The job of being a board member often entails being faced with difficult decisions and situations. Consider the following situation, based on a situation that is true and probably somewhat familiar.

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An Item on the Board's Agenda

Superior Cooperative Society operates a retail food cooperative with annual sales of approximately $2.4 million per year. They have been in existence for 15 years and have enjoyed a steady rate of growth in sales and in membership. They occupy a place of prominence in the small urban community of Lacrosse and have assisted in the development of several other independent cooperative enterprises in Lacrosse, including a child care co-op, a community credit union and a food co-op wholesale, of which Superior is the largest member/customer.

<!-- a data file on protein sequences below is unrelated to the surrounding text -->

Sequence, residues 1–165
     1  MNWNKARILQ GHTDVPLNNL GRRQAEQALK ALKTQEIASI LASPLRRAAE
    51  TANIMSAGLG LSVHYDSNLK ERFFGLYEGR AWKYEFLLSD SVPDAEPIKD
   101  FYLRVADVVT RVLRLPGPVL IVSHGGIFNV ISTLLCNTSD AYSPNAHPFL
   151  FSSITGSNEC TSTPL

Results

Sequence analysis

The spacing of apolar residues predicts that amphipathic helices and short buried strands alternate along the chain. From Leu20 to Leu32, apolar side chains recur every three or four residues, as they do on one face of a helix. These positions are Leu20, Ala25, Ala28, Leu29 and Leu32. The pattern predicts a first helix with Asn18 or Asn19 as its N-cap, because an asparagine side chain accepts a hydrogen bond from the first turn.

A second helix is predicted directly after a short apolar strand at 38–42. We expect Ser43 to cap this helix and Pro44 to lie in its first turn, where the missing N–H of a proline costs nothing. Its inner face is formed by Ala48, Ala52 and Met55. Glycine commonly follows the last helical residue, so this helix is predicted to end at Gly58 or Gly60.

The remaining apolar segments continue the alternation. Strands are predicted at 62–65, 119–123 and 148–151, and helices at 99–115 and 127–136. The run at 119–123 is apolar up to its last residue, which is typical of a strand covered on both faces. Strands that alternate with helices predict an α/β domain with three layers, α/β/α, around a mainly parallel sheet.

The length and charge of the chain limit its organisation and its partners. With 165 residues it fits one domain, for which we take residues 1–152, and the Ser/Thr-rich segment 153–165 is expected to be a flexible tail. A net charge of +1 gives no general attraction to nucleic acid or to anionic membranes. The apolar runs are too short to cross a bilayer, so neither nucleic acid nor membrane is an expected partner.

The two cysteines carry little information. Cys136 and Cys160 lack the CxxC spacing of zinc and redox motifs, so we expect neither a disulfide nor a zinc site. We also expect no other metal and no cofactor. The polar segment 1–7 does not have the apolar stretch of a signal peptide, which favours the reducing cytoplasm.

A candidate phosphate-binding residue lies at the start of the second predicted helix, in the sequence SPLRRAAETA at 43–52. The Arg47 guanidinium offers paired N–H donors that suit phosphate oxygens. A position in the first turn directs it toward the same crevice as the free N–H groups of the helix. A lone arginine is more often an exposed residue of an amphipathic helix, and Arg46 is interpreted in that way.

Superior recently moved to a new location, requiring a substantial capital investment for renovation, relocation and expanded inventory expenses. For the first time in their history, they have borrowed a fair bit of money from lending institutions. They find themselves facing an even more unprofitable year than expected and for the first time ever. In addition, they are not seeing the kind of sales growth they had projected after eight months in their new location. Needless to say, they are having some cash flow problems and are unable to approach their local banks for additional loans, given their current debt position. Management has presented regular reports to the board on their efforts to reduce cash expenditures and raise their profitability. They are concerned that, without changing the current trend, Superior might not be able to sustain an additional loss above their projected deficit.